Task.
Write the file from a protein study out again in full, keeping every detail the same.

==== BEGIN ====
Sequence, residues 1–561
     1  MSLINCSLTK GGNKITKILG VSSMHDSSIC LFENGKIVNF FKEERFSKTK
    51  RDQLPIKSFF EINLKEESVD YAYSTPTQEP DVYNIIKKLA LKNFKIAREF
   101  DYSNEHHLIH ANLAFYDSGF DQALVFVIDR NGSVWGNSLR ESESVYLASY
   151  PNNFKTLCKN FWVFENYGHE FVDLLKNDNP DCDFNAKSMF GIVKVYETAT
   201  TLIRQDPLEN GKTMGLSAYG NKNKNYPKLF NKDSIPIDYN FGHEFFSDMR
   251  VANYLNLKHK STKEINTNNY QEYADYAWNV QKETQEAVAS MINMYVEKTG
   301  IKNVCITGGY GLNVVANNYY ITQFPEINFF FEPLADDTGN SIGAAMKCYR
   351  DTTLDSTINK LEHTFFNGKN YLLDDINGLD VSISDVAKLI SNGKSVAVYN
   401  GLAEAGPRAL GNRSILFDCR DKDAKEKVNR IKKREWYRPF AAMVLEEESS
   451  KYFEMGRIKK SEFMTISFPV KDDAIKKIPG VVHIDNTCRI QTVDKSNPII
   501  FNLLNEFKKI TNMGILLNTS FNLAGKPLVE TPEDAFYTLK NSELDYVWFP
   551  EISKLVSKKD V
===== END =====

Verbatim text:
Sequence, residues 1–561
     1  MSLINCSLTK GGNKITKILG VSSMHDSSIC LFENGKIVNF FKEERFSKTK
    51  RDQLPIKSFF EINLKEESVD YAYSTPTQEP DVYNIIKKLA LKNFKIAREF
   101  DYSNEHHLIH ANLAFYDSGF DQALVFVIDR NGSVWGNSLR ESESVYLASY
   151  PNNFKTLCKN FWVFENYGHE FVDLLKNDNP DCDFNAKSMF GIVKVYETAT
   201  TLIRQDPLEN GKTMGLSAYG NKNKNYPKLF NKDSIPIDYN FGHEFFSDMR
   251  VANYLNLKHK STKEINTNNY QEYADYAWNV QKETQEAVAS MINMYVEKTG
   301  IKNVCITGGY GLNVVANNYY ITQFPEINFF FEPLADDTGN SIGAAMKCYR
   351  DTTLDSTINK LEHTFFNGKN YLLDDINGLD VSISDVAKLI SNGKSVAVYN
   401  GLAEAGPRAL GNRSILFDCR DKDAKEKVNR IKKREWYRPF AAMVLEEESS
   451  KYFEMGRIKK SEFMTISFPV KDDAIKKIPG VVHIDNTCRI QTVDKSNPII
   501  FNLLNEFKKI TNMGILLNTS FNLAGKPLVE TPEDAFYTLK NSELDYVWFP
   551  EISKLVSKKD V